is the difference between antistatic, conductive and static dissipative?
terms conductive and static dissipative typically refer to resistance
or resistivity ranges used in the evaluation of ESD control materials and products. By definition, a conductive material has a surface resistivity
of less than 1 x 105 ohms per square or a volume resistivity less than
1 x 104 ohm-cm. A static dissipative material has a surface resistivity
of 1 x 105 to 1 x 1012 ohms per square or a volume resistivity of
1 x 104 to 1 x 1011 ohm-cm. These definitions appear in the ESD Association Glossary as well as in various other static control standards
some materials, surface resistance rather than surface resistivity is
often used to define these terms. In this case, a simple conversion
factor is applied, dividing the resistivity ranges by 10. Thus conductive
becomes less than1 x 104 ohms and static dissipative becomes
1 x 104 to 1 x 1011 ohms, provided that the appropriate electrodes with the
correct geometric conversions are used. ANSI/ESD S11.11 provides additional
information on this issue.
term antistatic, however, does not refer to resistance or resistivity.
By definition, the term refers to a material that resists tribocharging.
At one time, the term referenced a resistance value, but it was severely
misused and today no longer represents any resistance range.
have regular vinyl tile on our manufacturing floor. If our employees
wear ESD shoes or foot straps, will we control the generation of static
electricity on the body?
testing has demonstrated that relatively high levels of body voltage
generation and poor body voltage decay rates can occur when wearing
ESD footwear on uncontrolled floors such as ordinary vinyl composition
tile, or when wearing ordinary shoes with insulated or leather soles
on various ESD floor materials. Voltage generation can be as high as
several hundred volts and body voltage decay rates can exceed 1/2 second.
controlled footwear and controlled floor materials are used together,
voltage generation and decay rates are significantly improved, often
to only a few volts with decay rates less than 1/4 second. Such performance
indicates that floor materials and footwear depend upon each other and
should be thought of as a system for best performance.
and floor materials create a ground path from the wearer to ground.
Insulative flooring such as standard vinyl tile, and standard street
shoes or industrial footwear with rubber, crepe, or polyurethane soles
insulate the wearer from the floor. Body charges cannot readily flow
from the body through the shoes through the floor to ground.
a person is sitting at a grounded work station --ESD table mat and ESD wrist
straps -- can that person wear thin cotton gloves and still be grounded
while handling static sensitive devices?
the person can be grounded even though wearing the cotton gloves that
prevent oils from getting onto sensitive devices and boards. Grounding
is through the ESD wrist strap. As long as the wrist strap is properly connected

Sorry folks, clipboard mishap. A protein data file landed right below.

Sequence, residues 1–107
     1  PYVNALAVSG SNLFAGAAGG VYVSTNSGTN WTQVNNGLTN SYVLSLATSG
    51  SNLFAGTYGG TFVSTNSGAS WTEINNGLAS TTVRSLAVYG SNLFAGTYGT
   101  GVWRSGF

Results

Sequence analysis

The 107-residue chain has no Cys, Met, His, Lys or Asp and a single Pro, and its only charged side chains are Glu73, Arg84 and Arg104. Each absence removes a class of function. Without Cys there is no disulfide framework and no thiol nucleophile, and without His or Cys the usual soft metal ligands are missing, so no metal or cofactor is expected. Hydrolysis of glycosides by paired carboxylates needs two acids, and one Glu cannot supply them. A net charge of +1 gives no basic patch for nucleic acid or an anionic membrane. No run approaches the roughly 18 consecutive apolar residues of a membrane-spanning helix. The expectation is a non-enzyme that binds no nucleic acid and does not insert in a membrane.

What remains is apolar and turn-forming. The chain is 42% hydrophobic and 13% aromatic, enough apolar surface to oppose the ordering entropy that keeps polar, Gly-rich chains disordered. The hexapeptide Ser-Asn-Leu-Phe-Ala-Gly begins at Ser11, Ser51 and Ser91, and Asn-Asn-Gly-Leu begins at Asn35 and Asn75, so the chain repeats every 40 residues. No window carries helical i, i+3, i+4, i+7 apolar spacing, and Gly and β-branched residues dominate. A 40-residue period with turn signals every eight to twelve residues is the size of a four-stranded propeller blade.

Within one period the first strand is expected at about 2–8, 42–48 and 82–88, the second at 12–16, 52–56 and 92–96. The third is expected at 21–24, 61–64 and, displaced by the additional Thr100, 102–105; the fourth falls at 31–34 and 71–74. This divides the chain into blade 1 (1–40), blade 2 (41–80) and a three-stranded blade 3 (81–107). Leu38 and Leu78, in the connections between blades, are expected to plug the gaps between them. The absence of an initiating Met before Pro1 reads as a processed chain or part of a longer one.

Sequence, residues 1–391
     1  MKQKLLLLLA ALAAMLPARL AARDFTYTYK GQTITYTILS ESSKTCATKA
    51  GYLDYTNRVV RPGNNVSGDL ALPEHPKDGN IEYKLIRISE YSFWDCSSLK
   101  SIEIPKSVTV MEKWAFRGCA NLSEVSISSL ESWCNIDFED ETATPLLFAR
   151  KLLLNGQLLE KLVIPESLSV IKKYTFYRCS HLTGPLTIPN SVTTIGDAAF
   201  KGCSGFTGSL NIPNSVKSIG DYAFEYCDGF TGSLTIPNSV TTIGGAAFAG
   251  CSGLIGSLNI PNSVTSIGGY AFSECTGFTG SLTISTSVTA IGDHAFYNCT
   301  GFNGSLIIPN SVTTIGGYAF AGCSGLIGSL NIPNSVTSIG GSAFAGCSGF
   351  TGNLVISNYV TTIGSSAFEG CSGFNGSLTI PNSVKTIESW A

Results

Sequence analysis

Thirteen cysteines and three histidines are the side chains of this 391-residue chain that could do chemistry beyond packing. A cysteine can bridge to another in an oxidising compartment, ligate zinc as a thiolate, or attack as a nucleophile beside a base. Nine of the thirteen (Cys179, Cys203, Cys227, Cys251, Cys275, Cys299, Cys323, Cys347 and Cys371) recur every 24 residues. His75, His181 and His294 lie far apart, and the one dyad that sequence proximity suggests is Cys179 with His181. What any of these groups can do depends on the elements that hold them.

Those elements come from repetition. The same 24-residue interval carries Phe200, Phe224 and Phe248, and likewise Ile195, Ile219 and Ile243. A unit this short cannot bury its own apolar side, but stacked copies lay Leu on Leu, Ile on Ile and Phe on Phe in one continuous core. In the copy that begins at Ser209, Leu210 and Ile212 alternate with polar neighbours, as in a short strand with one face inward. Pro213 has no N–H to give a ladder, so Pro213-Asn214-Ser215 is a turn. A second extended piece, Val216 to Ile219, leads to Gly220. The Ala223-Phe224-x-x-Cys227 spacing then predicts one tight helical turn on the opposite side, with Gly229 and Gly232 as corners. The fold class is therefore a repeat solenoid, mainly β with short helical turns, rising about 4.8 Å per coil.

through a common point ground cord and contacts the skin of the wearer, that person is grounded. The wrist
strap should contact the skin directly and NOT be worn over the gloves.
mats, if properly grounded provide a ground path for objects placed
on the mat. This ground path would not be affected by wearing cotton
related matter is whether the cotton gloves tribocharge, thus creating
an ESD hazard. Cotton absorbs moisture from hands and air and does not
tribocharge readily. If you're handling highly sensitive devices of
100 volts or less, thoroughly test all materials, such as cotton gloves,
for tribocharging characteristics.
been reading a lot about EOS/ESD Association Standards. Where do I obtain
Standards can be purchased from Association headquarters, 7900 Turin
Road, Bldg. 3, Suite 2, Rome, NY 13440. Call 315-339-6937; Fax 315-339-6793;
Email: email@example.com. The Midwest Chapter library also has copies of
all Association Standards that you can borrow to review.
we don't use ESD control procedures when designing and handling prototypes,
will we damage static sensitive parts used in these prototypes? Could
these prototypes have a design flaw when they reach the production floor?
you definitely could damage static sensitive parts if you were not using
proper protective measures. Because ESD events are statistical events
and you are handling very few parts in contrast to the production line,
it's possible to think that design and prototyping are immune. But the
law of averages will catch up with you.
your prototypes might contain a design flaw due to an ESD event is more
conjectural. If your design was based on the actual operating parameters
of a component whose characteristics had shifted due to an ESD event,
you might end up with a flaw when you use good components in the final
product. Please refer to an example of an ESD Workstation Layout or take a look at ESD Control Procedures.
precautions such as ESD wrist straps, proper work surfaces and protective